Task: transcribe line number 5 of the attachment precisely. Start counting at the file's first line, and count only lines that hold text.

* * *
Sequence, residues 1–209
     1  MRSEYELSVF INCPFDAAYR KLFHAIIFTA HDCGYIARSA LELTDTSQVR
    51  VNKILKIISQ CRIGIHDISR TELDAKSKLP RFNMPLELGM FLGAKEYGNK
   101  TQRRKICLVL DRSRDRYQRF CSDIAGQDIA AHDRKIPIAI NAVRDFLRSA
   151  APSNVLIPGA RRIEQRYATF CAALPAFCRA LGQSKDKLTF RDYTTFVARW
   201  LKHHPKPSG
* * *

   151  APSNVLIPGA RRIEQRYATF CAALPAFCRA LGQSKDKLTF RDYTTFVARW